Dubin v. State

Annotate this Case

397 A.2d 132 (1979)

Martin DUBIN, Defendant Below, Appellant, v. STATE of Delaware, Plaintiff Below, Appellee.

Supreme Court of Delaware.

Submitted September 15, 1978.

Decided January 4, 1979.

I. Barry Guerke, of Schmittinger & Rodriguez, Dover, for defendant below, appellant.

Harrison F. Turner, Deputy Atty. Gen., Dover, for plaintiff below, appellee.

Before HERRMANN, C. J., DUFFY and McNEILLY, JJ.

*133 HERRMANN, Chief Justice:

The defendant, Martin Dubin, appeals his conviction of "carrying a concealed deadly weapon upon or about his person", in violation of 11 Del.C. § 1442,[1] arguing that the Trial Judge's rulings erroneously amounted to a directed verdict of guilty, depriving him of his right to trial by jury.

I.

The indictment charged Dubin with carrying "concealed a .38 caliber pistol, a deadly weapon, upon or about his person." After the State responded in discovery proceedings that the weapon in question "was found concealed in a dashboard glove compartment of the vehicle the defendant was operating," the defendant moved to dismiss the indictment on the grounds that a pistol in the glove compartment of a motor vehicle he was driving was not "upon or about" his person, as a matter of law.

The Motion Judge denied the motion to dismiss the indictment, ruling that "[a] weapon in the glove compartment of the car driven by the defendant is `on or about' his person." The Trial Judge, considering himself bound by the ruling, interpreted it to "mean that a gun in a glove compartment of any car is on or about the person of the driver, as a matter of law." Therefore, the Trial Judge granted the State's motion restraining the defendant "from any attempt to defend any issue of whether the gun is `on or about the person'", and found defendant guilty as charged.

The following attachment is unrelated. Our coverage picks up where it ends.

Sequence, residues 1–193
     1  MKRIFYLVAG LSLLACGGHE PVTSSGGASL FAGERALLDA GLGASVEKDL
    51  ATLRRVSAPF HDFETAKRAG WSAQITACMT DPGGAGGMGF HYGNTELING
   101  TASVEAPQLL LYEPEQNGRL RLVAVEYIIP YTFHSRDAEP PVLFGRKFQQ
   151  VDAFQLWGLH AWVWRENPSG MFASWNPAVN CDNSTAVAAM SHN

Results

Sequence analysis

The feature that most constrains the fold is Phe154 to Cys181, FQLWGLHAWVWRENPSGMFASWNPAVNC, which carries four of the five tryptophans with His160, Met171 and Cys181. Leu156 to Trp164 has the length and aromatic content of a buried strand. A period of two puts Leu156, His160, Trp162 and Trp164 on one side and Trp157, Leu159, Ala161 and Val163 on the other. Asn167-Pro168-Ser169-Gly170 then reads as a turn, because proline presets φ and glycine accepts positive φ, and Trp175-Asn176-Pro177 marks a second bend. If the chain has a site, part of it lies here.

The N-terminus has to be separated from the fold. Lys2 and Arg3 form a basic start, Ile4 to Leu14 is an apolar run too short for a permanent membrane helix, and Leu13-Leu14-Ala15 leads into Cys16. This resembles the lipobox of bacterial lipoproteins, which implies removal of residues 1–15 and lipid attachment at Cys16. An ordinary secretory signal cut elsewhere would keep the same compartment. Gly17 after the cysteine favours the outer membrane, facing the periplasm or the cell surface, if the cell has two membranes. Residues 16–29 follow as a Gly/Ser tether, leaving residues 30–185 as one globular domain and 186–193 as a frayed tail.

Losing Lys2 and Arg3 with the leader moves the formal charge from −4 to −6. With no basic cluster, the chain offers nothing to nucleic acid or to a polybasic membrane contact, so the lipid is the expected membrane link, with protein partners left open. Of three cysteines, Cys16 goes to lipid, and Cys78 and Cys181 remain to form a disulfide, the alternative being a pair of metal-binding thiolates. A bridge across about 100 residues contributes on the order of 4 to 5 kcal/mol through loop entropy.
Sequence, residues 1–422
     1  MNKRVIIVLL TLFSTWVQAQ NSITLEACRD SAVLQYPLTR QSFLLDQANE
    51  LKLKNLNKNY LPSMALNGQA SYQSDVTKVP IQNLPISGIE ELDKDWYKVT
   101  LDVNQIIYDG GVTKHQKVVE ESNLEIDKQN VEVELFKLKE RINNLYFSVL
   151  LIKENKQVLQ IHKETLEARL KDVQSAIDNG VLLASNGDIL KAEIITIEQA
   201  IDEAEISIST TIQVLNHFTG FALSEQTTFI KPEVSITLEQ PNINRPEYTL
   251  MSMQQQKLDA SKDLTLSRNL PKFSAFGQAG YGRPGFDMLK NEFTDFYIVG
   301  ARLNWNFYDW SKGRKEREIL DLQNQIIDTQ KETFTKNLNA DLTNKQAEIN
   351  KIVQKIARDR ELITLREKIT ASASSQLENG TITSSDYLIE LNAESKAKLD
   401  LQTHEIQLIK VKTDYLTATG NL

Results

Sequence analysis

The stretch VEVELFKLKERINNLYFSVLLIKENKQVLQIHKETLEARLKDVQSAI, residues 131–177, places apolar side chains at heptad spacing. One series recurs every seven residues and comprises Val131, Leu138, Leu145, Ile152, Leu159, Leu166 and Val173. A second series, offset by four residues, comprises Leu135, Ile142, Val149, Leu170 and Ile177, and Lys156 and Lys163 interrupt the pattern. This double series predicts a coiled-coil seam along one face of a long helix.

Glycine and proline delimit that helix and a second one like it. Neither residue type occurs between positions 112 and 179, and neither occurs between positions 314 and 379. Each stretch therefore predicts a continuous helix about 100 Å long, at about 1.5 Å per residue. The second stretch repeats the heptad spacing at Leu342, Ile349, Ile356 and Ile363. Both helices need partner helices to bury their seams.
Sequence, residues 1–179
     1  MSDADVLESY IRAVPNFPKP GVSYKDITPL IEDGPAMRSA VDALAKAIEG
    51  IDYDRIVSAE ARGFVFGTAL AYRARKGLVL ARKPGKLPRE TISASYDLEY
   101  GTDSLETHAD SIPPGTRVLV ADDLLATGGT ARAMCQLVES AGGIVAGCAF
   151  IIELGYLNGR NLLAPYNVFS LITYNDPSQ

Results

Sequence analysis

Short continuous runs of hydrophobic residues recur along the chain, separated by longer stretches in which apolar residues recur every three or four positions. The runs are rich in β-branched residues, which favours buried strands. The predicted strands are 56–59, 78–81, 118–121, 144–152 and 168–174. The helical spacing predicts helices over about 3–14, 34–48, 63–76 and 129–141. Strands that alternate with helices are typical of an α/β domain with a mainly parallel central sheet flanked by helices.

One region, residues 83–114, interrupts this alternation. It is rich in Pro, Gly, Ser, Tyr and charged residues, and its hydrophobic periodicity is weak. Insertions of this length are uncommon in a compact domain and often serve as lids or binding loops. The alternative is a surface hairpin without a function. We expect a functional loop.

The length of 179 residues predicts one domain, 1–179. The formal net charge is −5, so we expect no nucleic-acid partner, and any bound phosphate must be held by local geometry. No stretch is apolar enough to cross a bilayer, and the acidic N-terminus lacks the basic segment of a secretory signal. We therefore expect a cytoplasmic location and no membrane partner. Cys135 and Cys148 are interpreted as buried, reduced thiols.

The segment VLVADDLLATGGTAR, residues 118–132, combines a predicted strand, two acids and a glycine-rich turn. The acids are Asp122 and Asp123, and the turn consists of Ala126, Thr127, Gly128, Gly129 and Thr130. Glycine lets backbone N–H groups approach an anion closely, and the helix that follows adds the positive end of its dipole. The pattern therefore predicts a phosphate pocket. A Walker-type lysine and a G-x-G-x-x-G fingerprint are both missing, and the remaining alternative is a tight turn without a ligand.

*134 II.

It is axiomatic in a criminal case that the State must prove beyond a reasonable doubt every element of the offense charged. Since an element of the instant offense is concealment by the defendant of a deadly weapon "on or about his person," the State must prove that element beyond a reasonable doubt. The question of whether or not a weapon is "upon or about" a person is a factual question. The Trial Court erred in holding that a pistol in the glove compartment of a car is "upon or about" the defendant's person as a matter of law. The result was the elimination of the defendant's primary defense, with the ultimate effect of directing a guilty verdict against him and unlawfully depriving him of his constitutional right to have a jury decide all relevant issues of fact. United States v. Martin Linen Supply Co., 430 U.S. 564, 97 S. Ct. 1349, 1355, 51 L. Ed. 2d 642 (1977); United States v. Lee, 5th Cir., 483 F.2d 959 (1973); and United States v. Hayward, 136 U.S.App.D.C. 300, 420 F.2d 142 (1969).

Accordingly, the judgment below must be reversed and the cause remanded for trial.

III.

On remand the defendant is entitled to put the State to its proof on the issue of whether the pistol found in the glove compartment of the motor vehicle was "upon or about his person", within the meaning of § 1442. The language is ambiguous. In an effort to provide guidelines for the trial of the issue, we state the following views:

The phrase "upon or about his person" appears in the statutes prohibiting the carrying of concealed weapons in many jurisdictions.[2] In construing a similar statute, the Louisiana Supreme Court concluded that the terms "on or about" were interchangeable. State v. Brunson, 162 La. ___, 111 So. 321, 50 A.L.R. 1531 (1927). We find such interpretation unacceptable because it would make the word "about" mere surplusage; and "under familiar principles of statutory construction effect must be given, if possible, to every part of the statute so that no part will be inoperative." DiSabatino v. Ellis, Del.Supr., 184 A.2d 469, 473 (1962).